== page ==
Amazon now says in response to “customer feedback”, it would reopen its American and other international sites to Australian shoppers. However, it will apply only to products that Amazon stocks and sells itself. Products from third-party sellers using Amazon’s marketplace, estimated to account for about half of’s total sales, will remain blocked while the company works out how to apply GST to those sales. ( now lists about 80 million products, compared with about 500 million on Amazon’s US site. Analysts estimated before the launch of Amazon’s local site late last year that Australians spent up to $700 million on Amazon annually.




Research by the international Association of Chartered Certified Accountants highlights three areas of major change by 2025 with artificial intelligence (A.I.) being the most prominent. The findings identify: evolving digital technology, continued globalisation of reporting/disclosure standards and new forms of regulation. Its report states: The spread of digital technologies and their impact on business will transform the practice of accounting and the competencies that professional accountants require. In fact, from the 2000 accountants interviewed, 55 percent believed that the highest external factor to have impact in the next three to five years will be the development of intelligent automated accounting systems.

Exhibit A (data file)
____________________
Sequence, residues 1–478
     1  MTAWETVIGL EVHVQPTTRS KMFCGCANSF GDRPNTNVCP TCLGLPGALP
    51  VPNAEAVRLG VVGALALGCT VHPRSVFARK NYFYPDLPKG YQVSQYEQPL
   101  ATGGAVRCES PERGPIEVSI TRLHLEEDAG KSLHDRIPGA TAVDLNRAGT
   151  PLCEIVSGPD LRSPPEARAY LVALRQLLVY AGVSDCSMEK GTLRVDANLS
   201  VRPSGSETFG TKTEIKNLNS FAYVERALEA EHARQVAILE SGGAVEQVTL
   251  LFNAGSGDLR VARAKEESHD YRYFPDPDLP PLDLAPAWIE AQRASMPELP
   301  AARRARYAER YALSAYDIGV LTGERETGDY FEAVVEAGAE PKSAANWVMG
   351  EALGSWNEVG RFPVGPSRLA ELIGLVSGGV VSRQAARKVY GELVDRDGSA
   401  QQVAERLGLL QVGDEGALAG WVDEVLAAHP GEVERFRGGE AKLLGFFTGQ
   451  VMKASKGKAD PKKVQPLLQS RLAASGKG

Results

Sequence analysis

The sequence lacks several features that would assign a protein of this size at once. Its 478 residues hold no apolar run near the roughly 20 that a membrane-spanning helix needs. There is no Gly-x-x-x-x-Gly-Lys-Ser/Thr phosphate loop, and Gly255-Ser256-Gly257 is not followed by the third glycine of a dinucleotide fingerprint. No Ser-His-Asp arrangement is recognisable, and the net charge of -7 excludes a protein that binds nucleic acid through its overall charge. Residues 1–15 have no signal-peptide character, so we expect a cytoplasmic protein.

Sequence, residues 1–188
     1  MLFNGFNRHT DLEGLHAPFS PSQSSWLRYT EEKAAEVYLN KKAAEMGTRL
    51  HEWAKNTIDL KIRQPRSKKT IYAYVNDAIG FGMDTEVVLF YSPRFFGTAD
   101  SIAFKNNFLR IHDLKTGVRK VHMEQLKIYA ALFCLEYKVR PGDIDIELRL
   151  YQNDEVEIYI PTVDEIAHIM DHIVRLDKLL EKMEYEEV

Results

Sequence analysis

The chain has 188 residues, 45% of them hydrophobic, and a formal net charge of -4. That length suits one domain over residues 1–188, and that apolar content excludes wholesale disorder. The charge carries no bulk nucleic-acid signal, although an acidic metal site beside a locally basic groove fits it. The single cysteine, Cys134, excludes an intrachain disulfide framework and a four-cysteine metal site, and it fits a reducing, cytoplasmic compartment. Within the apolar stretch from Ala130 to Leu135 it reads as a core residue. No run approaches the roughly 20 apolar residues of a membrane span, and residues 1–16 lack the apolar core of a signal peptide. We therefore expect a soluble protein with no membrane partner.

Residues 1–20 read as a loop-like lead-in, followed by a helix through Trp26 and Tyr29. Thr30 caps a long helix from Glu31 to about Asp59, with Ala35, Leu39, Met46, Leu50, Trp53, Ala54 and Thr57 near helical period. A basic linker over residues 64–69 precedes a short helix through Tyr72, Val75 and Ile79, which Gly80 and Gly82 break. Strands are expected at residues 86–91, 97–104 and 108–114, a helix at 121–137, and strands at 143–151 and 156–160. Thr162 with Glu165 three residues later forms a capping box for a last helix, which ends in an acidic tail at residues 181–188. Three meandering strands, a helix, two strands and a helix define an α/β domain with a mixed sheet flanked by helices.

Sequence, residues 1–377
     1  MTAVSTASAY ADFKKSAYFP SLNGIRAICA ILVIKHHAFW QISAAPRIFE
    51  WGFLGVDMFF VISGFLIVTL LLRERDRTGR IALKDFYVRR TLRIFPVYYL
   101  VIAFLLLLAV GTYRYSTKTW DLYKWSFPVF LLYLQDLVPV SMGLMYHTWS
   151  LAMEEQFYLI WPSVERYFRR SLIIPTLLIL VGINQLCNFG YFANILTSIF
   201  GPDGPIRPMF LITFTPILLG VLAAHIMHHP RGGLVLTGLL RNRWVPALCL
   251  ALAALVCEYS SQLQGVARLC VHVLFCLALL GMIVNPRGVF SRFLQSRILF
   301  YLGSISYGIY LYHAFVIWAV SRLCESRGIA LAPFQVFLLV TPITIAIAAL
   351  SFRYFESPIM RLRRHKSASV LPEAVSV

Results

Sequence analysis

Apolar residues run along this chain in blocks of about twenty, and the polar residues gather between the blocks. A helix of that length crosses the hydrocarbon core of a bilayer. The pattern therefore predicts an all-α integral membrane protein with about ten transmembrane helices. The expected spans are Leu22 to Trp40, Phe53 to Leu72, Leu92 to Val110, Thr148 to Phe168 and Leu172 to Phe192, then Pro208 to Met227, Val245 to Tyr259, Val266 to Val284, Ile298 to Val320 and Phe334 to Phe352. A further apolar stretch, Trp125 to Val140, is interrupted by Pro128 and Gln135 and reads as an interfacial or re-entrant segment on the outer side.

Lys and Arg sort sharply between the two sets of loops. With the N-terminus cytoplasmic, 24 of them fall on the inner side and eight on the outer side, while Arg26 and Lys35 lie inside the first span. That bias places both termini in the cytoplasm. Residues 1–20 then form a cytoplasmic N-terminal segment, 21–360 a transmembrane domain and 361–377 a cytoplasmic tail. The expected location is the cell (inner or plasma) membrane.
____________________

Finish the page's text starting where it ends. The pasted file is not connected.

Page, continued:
Nikolas Hatzistergos, of William Buck Chartered Accountants who was involved with the report says “With any type of disruption, there will always be winners and losers and there’s always opportunity. It’s really up to accountants to seize the moment, look at the opportunities and undertake the necessary initiatives. Artificial intelligence will play a key role requiring accountants to upskill and at the same time bring in alternative streams of revenue.”



There is little cheer for small businesses this Christmas as they try to contain parcel delivery costs. Online businesses selling all manner of gifts insist the national postal service keeps getting more expensive to the extent that it is hitting their sales. Australia Post announced an annual increase in parcel delivery costs at the start of October, as well as changes to the ‘Send and Save’ discounts for business customers last month. These changes increased the discount that business customers could get on sending parcels to the ‘same metro area’, meaning they can get up to a 35 percent discount for sending mail in large volumes. However, many smaller businesses were frustrated this policy did not include any price relief for sending orders to regional areas across Australia, which they say puts on increased cost pressure.